VOD Review: Kuso.
It’s not an accident that independent horror film Kuso means crap/filth in Japanese.
Several months ago I saw the trailer for Kuso and wanted to check it out. Kuso is an indie flick directed by musician Flying Lotus that made the rounds at the usual festivals before winding up on Shudder, a streaming service dedicated to horror movies. The description of the film says its a mixed media horror movie that takes place after a massive natural disaster in LA. In reality, Kuso pretty much defies description…though that by no means implies that it is a good movie.
Kuso loosely weaves together several vignettes without much rhyme or reason. Certain themes and tones are repeated, most notably poop. This movie is very concerned with bodily functions, but I can’t say it rises to the level of body horror. It’s mostly just disconcerting that a 90 minute movie can fill the screen with so much human waste. If you want a concise review, Kuso functions like an extended episode of “Tim and Eric Awesome Show, Good Job!” if it was directed by John Waters. Again, that doesn’t imply that it’s any good.
After a devastating earthquake, we witness five vignettes about survivors and their day to day lives in a horrible situation.
One thing Kuso can claim is that it has a unique visual style. The characters are all damaged to some degree, whether it be tiny blemishes or hideous boils and deformities. The world they inhabit looks like modern day if you shook a dumpster over it. The sets range from ramshackle derelict buildings to ordinary homes filled with refuse and odd adornments. While most of the film stays indoors and features either drab darkness or antiseptic lighting, a few scenes outside are nearly pastoral…until you notice all of the poop monsters.
The majority of the film is live action, but Flying Lotus inter-cuts multiple sequences of mixed media. These range from digital animation, to pastiches of magazine images, to miniatures and cut-outs, and to scenes that blend any or all of those modes. Many of the sequences are interesting, but Kuso’s determination to resist a narrative renders most of them dull curiosities.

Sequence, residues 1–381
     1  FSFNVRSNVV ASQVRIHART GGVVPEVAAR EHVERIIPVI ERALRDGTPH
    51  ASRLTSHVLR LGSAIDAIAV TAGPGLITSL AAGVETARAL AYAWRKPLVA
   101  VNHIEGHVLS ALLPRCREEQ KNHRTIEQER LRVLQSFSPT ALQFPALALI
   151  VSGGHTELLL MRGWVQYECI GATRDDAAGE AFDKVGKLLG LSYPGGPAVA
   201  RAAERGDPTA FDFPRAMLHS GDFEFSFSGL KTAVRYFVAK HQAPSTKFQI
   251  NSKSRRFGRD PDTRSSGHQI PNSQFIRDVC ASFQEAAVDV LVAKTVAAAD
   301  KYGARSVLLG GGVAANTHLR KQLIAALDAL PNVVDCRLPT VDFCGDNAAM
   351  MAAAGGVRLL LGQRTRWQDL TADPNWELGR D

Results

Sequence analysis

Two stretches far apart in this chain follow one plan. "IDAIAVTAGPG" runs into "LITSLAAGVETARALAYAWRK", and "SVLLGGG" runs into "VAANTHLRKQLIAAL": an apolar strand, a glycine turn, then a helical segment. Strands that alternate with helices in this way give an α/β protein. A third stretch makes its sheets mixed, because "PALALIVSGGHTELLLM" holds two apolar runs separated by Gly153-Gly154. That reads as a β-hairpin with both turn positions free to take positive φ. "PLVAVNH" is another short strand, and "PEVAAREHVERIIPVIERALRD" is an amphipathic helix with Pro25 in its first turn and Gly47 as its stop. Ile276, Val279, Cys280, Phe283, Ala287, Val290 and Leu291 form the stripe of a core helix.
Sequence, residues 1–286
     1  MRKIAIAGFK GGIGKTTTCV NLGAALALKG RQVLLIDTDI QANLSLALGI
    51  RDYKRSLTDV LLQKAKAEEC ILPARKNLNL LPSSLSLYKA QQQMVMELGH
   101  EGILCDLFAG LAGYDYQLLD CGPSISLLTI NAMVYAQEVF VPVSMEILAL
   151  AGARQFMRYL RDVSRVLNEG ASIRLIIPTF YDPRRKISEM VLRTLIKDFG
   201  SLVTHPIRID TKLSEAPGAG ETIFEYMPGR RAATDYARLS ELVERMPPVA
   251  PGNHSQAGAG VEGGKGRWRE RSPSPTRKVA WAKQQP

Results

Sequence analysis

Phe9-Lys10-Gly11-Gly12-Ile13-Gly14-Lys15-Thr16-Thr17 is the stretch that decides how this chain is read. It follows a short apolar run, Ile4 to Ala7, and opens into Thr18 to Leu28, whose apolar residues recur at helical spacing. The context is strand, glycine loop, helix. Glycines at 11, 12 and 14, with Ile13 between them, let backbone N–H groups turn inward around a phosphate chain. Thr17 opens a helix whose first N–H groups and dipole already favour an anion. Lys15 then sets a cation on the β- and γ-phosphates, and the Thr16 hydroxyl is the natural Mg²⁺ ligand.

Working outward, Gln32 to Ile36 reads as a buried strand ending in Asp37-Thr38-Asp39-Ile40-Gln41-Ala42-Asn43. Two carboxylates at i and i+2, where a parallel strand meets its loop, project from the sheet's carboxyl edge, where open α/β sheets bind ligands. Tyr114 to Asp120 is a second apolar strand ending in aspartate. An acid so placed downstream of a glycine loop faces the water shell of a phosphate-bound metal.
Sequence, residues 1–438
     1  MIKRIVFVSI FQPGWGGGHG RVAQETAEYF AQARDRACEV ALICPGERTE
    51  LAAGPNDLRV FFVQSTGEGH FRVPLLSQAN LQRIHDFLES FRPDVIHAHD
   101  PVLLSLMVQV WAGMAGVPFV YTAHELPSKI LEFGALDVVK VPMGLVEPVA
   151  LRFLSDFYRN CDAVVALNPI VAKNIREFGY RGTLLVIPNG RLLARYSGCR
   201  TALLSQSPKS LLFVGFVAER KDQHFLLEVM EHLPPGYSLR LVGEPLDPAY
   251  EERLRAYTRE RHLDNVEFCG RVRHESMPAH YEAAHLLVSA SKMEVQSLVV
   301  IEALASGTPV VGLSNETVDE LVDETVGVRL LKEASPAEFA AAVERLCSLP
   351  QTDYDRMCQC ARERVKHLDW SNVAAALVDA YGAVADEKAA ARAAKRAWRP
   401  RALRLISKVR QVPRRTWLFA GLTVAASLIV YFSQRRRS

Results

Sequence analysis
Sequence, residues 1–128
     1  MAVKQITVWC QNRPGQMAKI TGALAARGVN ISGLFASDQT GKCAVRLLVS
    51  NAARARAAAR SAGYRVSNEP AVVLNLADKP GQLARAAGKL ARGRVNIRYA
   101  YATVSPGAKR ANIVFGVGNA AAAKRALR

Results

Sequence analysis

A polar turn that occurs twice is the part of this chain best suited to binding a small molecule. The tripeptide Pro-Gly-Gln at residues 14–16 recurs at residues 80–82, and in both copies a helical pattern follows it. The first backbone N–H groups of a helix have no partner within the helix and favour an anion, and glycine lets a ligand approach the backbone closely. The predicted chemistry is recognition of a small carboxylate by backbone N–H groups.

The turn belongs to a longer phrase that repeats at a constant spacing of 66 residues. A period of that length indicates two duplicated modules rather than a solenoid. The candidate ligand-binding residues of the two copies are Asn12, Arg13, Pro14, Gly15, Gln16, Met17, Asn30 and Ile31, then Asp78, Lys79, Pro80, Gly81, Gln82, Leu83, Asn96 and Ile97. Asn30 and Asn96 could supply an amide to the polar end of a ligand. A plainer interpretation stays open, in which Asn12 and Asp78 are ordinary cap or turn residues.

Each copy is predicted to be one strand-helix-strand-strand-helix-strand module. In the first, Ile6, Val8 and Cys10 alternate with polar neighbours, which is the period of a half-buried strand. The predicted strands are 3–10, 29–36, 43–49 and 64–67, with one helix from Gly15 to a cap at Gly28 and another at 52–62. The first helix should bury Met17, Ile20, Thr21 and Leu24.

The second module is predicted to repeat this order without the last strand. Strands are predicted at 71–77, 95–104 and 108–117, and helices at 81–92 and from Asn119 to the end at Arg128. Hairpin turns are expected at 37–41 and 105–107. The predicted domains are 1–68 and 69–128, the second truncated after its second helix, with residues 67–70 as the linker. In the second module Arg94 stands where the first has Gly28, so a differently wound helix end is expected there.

Since Kuso is so jumbled, it’s hard to talk about it coherently. There are some individual elements that border on great, so I’ll just kind of throw them out here: The film has a frame narrative of a sorts where rapper Busdriver appears on a news cast and gives a spoken word Jazz freestyle that is hypnotic. From there we meet two young lovers who are in to erotic asphyxiation, and they are kind of charming. The young actress, Iesha Coston, also has an incredible voice. Most of the music is arresting if not amazing. The acting tends to be solid to good, though the dialogue can be juvenile. A couple of the mixed media scenes early on are novel.
The segments are cut up so that you hop between them, and the initial sequences of each are definitely the strongest moments. The first 45 minutes of the film had me intrigued. I wanted to know more about the world and the people, especially why things are so bad. The problem is that after making an introduction, Kuso decides to be relentlessly focused on bodily functions to the exclusion of any narrative or sense.
Filth for Filth’s Sake.
I’m no stranger to films that exploit our unease about the body and its functions. I’ve seen enough Lars Von Trier, Matthew Barney, and John Waters that I can appreciate how including blood or feces or semen into a piece can shock the sensibilities for artistic purpose. I never felt that Kuso rose to that level. The film just seems to hook up the sewage pipe into your living room and let it rip. For it to work, you have to employ it with purpose. When it comes to putting poop in your art-house flick, a dab will do ya.
At the end of the day, I think Kuso squanders its good points by just being foul and random. The language and the images and the pervading squalor just overwhelm any finer distinctions. Some horror movies do the same to blood or violence: the sheer volume of it inures you to it. I’m not shocked or disgusted by constant fecal matter any more than I am shocked or disgusted (in a meaningful way) by all the gore in a Rob Zombie film. It just winds up feeling like kids making mud pies while spouting all the naughty words they know.
I went into this viewing hoping for a horror movie about the aftermath of a natural disaster, knowing that it was billing itself as weird and eclectic. Kuso doesn’t do anything meaningful with the natural disaster premise, and I think labeling this a horror movie is extremely dubious. As a mixed media experiment, it has some good points, but they’re buried under the refuse. Kuso is not the kind of movie that will provoke a strong reaction, despite how hard it is trying to get one, leaving you 90 minutes poorer and in need of a hot shower.